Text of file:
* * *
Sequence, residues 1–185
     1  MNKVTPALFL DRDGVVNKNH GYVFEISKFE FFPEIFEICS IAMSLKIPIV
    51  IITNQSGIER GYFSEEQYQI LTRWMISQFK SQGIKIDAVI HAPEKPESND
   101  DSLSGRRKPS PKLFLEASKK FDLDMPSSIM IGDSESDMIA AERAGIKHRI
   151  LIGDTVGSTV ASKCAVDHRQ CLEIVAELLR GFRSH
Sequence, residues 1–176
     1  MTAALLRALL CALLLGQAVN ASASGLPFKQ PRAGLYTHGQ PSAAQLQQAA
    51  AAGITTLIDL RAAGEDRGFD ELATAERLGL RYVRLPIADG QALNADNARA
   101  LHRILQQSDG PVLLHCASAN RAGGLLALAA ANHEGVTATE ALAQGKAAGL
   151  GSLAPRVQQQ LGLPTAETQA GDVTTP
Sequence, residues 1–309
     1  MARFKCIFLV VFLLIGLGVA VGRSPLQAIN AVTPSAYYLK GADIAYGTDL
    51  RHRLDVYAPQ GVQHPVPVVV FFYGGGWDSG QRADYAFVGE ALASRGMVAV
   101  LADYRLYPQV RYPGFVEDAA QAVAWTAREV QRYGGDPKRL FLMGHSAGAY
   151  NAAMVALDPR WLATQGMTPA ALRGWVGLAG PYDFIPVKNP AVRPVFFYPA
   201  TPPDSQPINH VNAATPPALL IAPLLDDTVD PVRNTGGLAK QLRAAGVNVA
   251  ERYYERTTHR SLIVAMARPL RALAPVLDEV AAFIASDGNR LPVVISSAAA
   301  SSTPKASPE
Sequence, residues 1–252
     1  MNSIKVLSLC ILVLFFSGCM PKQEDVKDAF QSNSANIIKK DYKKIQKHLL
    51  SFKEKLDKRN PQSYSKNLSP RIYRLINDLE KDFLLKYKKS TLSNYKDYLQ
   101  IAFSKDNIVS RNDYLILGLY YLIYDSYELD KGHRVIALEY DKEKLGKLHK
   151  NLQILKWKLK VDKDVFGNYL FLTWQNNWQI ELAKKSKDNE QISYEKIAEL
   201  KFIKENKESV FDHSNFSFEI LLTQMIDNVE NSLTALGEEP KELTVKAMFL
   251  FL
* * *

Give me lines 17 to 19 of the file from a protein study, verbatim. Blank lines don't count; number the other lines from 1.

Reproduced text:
   251  ERYYERTTHR SLIVAMARPL RALAPVLDEV AAFIASDGNR LPVVISSAAA
   301  SSTPKASPE
Sequence, residues 1–252